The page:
Faith at Home- Narrative Lectionary

Just as Hope4ce offers Revised Common Lectionary related at-home activities, we want to provide a similar resource for congregations that follow the Narrative Lectionary. From the Working Preacher site, “The Narrative Lectionary is a four-year cycle of readings. On the Sundays from September through May each year the texts follow the sweep of the biblical story, from Creation through the early Christian church.

The texts show the breadth and variety of voices within Scripture. They invite people to hear the stories of Abraham and Sarah, Moses and the prophets, Jesus, and Paul. Listening to the many different voices within Scripture enriches preaching and the life of faith.”

Here is a resource for PENTECOST Sunday, when we celebrate the birth of the Church. Subsequent Narrative Lectionary helps will be uploaded to the Hope4CE Facebook Group every two weeks or you can receive them via email by filling out the contact page on this site.

ACTS 2:1-21: Pentecost

This dramatic narrative offers so many opportunities to step into the story:

The power of the wind that swept the Holy Spirit into the room.

  • If you have a portable fan, bring it into your midst and turn it on to “high.” If you have red ribbon, tissue paper or crepe streamers, you can enact the flames of fire as someone reads the Bible story.

The miracle of multiple languages being spoken, as each person hears others in his language.

  • Search on the internet for some common phrases in 1 or 2 foreign languages and practice speaking them. Keep this up through the week and see how much people recall by the end of the week. Can you say “hello” to each other In different languages?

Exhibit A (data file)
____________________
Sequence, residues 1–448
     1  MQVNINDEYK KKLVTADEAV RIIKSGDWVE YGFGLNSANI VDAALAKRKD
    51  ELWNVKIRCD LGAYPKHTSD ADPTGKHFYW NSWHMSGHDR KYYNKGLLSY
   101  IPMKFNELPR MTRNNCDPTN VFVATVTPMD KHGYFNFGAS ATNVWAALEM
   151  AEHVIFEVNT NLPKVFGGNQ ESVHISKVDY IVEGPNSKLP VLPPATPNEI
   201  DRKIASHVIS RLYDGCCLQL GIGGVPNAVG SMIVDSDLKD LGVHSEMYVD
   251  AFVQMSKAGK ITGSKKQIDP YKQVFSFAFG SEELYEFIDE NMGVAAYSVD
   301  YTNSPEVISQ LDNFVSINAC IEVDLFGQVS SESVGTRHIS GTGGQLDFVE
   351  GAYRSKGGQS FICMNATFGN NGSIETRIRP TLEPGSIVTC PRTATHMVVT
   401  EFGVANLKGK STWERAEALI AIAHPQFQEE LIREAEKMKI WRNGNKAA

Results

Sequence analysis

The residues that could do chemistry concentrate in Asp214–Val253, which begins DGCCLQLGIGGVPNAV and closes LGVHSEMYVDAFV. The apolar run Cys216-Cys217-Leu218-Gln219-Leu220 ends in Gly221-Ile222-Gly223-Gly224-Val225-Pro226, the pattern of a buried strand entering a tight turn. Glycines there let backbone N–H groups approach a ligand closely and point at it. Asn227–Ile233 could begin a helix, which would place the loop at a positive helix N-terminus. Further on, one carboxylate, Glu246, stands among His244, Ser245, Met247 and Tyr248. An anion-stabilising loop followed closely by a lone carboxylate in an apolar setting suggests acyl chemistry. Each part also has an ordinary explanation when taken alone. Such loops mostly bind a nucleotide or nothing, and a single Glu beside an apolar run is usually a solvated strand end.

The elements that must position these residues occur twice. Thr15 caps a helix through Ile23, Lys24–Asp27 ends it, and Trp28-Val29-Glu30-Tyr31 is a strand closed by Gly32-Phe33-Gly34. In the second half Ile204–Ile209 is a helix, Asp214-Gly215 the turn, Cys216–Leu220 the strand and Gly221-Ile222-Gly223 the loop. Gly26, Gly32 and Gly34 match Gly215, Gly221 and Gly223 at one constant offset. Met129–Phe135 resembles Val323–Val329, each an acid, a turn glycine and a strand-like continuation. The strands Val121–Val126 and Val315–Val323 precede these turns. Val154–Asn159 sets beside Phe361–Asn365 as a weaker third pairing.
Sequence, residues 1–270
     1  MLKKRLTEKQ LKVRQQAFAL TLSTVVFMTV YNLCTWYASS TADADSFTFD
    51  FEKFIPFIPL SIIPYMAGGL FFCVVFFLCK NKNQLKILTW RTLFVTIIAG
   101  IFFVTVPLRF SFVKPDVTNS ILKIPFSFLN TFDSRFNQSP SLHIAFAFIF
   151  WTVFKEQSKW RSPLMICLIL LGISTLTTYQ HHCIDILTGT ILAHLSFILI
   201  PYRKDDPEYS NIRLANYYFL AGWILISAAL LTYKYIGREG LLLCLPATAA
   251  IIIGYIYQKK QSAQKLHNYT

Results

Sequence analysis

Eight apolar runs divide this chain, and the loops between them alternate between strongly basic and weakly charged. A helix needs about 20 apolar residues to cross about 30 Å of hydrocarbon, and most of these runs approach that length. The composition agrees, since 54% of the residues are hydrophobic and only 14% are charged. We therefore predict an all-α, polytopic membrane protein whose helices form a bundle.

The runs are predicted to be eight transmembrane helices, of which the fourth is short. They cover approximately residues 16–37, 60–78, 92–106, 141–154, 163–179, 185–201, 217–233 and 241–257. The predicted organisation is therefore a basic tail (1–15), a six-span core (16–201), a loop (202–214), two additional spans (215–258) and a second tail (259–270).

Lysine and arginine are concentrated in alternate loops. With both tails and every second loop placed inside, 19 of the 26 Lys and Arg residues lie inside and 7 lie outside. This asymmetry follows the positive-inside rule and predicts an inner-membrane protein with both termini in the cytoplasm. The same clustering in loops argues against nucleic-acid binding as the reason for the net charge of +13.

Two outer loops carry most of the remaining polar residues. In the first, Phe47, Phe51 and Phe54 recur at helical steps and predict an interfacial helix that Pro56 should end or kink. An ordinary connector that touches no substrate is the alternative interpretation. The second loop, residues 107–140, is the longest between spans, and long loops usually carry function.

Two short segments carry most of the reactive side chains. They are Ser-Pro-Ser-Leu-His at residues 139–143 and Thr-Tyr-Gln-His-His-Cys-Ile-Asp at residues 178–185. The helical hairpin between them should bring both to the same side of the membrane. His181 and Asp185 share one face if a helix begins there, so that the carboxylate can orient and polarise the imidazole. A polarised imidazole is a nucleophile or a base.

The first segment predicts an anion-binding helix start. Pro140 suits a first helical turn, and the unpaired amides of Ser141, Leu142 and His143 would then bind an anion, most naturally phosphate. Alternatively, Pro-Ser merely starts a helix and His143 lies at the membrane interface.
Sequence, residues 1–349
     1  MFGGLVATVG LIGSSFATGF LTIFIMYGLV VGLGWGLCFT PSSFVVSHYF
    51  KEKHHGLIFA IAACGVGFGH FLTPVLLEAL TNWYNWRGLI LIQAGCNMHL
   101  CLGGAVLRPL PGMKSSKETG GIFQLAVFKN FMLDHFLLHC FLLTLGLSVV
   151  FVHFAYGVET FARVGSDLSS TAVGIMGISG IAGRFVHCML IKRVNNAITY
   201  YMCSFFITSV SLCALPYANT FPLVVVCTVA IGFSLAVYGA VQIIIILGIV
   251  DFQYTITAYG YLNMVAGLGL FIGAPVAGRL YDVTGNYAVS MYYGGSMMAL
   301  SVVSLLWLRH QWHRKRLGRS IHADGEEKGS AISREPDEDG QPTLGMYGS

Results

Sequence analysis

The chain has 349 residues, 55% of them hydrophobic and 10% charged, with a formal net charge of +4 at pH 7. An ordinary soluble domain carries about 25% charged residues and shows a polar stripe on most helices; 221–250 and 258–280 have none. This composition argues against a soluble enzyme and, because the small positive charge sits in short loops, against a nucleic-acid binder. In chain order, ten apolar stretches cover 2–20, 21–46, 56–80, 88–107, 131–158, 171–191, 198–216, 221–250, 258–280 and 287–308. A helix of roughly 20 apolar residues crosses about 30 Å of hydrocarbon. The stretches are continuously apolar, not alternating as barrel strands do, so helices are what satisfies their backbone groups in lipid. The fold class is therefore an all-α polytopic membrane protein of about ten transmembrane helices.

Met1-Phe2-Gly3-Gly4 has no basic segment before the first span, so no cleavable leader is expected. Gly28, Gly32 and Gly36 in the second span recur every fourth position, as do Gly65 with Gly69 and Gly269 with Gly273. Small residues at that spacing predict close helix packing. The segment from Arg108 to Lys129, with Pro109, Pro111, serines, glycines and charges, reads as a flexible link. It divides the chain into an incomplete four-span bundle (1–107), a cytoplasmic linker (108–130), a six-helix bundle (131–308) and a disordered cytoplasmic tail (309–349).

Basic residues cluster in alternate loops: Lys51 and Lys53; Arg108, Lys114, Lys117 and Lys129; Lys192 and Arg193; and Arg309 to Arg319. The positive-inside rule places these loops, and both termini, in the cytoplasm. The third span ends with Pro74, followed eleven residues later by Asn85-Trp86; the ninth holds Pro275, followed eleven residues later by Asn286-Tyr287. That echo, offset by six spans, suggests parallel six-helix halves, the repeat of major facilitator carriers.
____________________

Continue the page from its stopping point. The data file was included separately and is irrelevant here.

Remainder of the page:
The sudden holy boldness of Peter. Starting at verse 14, we encounter Peter addressing a crowd of thousands.

  • Take turns surrounding each family member and see how many different affirmations/encouragement you all can offer. in other words, play the part of the Holy Spirit!

1 CORINTHIANS 12:1-13  Spiritual gifts

“There are different spiritual gifts but the same Spirit…”

  • Talk about how a gift is different from a talent. Name people you know whose gifts enrich your own/your family’s life

“…A demonstration of the Spirit is given to each person for the common good…”

  • Discuss how our spiritual gifts help us to know God

“…All these things are produced by the one and same Spirit who gives what he wants to each person…”

  • Name what you think might be each other’s spiritual gifts. What named gifts surprise you?

 JOHN 20:19-23  Jesus appears to the disciples

“…Jesus said to them again, “Peace be with you. As the Father sent me, so I am sending you.” 22 Then he breathed on them and said, “Receive the Holy Spirit…”

  • Look up these Bible verses to see how they set the stage for the coming of the Holy Spirit to the Early Church:
  • The Baptizer introduced Jesus in (John 1:33)
  • Jesus talks about his ability to give the Holy Spirit “without measure” (John 3:34).
  • Jesus promises “rivers of living water (John 7:38-39).
  • Jesus talks about the coming “Advocate”(John 14:16-17).
  • The Holy Spirit is sent by The Father, (John14:26; 16:13).
  • It is the Spirit, whom Jesus sends “from the Father,” (John 15:26-27).
  • This Spirit glorifies Jesus (John 16:14).
  • The Spirit can “prove the world wrong” (John 16:8-11).
  • Consider drawing simple pictures to illustrate these passages. If you have a larger piece of paper, divide it into sections and illustrate all the passages together. Perhaps each person contributes 1 or 2 pictures. OR perhaps you discuss the picture idea first.